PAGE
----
Australian excavations were first undertaken at the Early Iron Age settlement site of Zagora between 1967 and 1974 under the directorship of the late Professor Alexander Cambitoglou (University of Sydney). Since 2012 the Australian Archaeological Institute at Athens in collaboration with the Department of Archaeology of the University of Sydney, the Archaeological Society at Athens, the Powerhouse Museum (until 2014) and GMIL Heritage (in 2019) has continued the research program at the site. Field seasons, including excavation and survey work, have been undertaken as well as a successful architectural conservation program and numerous study seasons.
The ancient settlement of Zagora is located on the Aegean island of Andros, about two hours by ferry east of the Attica.
Current evidence suggests that Zagora was founded about 900 BCE and that its inhabitants left their settlement around 700 BCE. We’re not sure why, after approximately two centuries of successful occupation, they moved on but it has been suggested that the water supply dried up. The area was never reoccupied but for a few centuries after its abandonment the sanctuary of the settlement was visited and a temple was constructed. The fact that the settlement was not reoccupied means that its buildings and their contents are remarkably well preserved. Zagora approaches that classic ideal of a snapshot in time.
Many other settlement sites have been ruined by earthquakes, volcanic eruptions or the ravages of war. Or their architecture and artefacts provide, at best, an opaque picture of the lives once lived there due to subsequent periods of habitation which have obscured or confused the evidence of earlier phases.
However, the settlement layout at Zagora -over 6.7 hectares- was not disturbed by subsequent settlement. The building materials of its houses, fortification wall and temple were not removed to construct other structures as is often the case at sites which have seen successive occupation phases.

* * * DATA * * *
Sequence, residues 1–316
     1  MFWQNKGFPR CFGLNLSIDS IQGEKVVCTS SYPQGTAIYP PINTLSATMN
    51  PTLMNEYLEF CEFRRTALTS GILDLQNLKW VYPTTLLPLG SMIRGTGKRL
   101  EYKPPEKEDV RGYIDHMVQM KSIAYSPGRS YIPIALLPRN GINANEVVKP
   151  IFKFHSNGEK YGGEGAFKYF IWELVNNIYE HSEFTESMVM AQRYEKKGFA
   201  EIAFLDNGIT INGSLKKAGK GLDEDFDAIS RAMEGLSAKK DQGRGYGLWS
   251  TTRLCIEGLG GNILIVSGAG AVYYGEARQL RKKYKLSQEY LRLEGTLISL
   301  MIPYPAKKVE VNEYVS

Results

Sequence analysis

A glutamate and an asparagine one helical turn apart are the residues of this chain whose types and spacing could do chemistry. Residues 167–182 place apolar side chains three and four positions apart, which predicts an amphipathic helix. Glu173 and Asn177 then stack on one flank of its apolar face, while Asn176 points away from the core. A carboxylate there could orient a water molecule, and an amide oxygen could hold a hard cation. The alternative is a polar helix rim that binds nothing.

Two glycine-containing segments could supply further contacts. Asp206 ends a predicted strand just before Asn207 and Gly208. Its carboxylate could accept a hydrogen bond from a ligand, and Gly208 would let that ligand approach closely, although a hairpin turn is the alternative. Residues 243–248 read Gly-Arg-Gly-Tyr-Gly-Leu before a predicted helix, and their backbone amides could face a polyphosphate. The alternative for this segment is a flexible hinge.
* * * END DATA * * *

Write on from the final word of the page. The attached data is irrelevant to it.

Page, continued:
Of course, not much remains standing after almost 3,000 years; the buildings eventually collapsed where they had stood. But the building layout remains, along with a wide range or objects (mostly pottery) in the rooms where they had been stored and used. This material provides clear evidence of how life was lived at Zagora -which is extremely rare among Greek Early Iron Age sites. The settlement of Zagora offers us unique insights into the past.
Co-Directors: Professor Timothy E. Gregory (Ohio State University, USA), Dr Stavros Paspalas (AAIA), and Dr Lita Tzortzopoulou-Gregory (AAIA).
The primary objective of this project is to produce information to help us understand the settlement history of northern Kythera, from remote antiquity to the present. More specifically, we seek to elucidate one of the most perplexing problems in the history of Kythera: why the area of Paliochora was not settled until ca. 1000 AD, why it was abandoned some time after the sack of 1537, and why it remained abandoned thereafter.
At a broader level, the project will help to illuminate the history not only of Paliochora but also of the many similarly-located sites throughout the Aegean and elsewhere in the world. The project will make a significant contribution through exploring theoretical models for settlements in moderately adverse environments in middle range cultural settings, and provide an explanatory model for the utilisation of marginal niches for discrete periods of time. This will contribute to discussion of the role such settlements have in their broader cultural setting. Read more on the APKAS website.
The ancient city of Torone, situated near the southern end of the Sithonia peninsula of the Chalkidike, was one of the richest and most important cities in the region during the Classical period. One of the highest tribute-paying members of the Delian League, it is best known from Thucydides' detailed accounts of the campaign of the Spartan King Brasidas to take control of the city in 424 BC, and the Athenian General Cleon's reprisals in 423 BC (Thucydides IV, 110-116; V, 2-3).
The Australian excavations at Torone began in 1975, directed by the late Professor Alexander Cambitoglou, then Head of Department of Classical Archaeology at the University of Sydney. The fieldwork at Torone was initially conducted under the auspices of the Archaeological Society at Athens and from 1986 as a collaborative project between that Society and the AAIA. Excavations were conducted at the site until 1990, followed by underwater and topographic and geophysical survey of the coastal environs since 1993.
The Australian excavations at Torone have shown that the site was occupied from the Final Neolithic period to the destruction of the Ottoman Kastro by Francesco Morisini in 1659.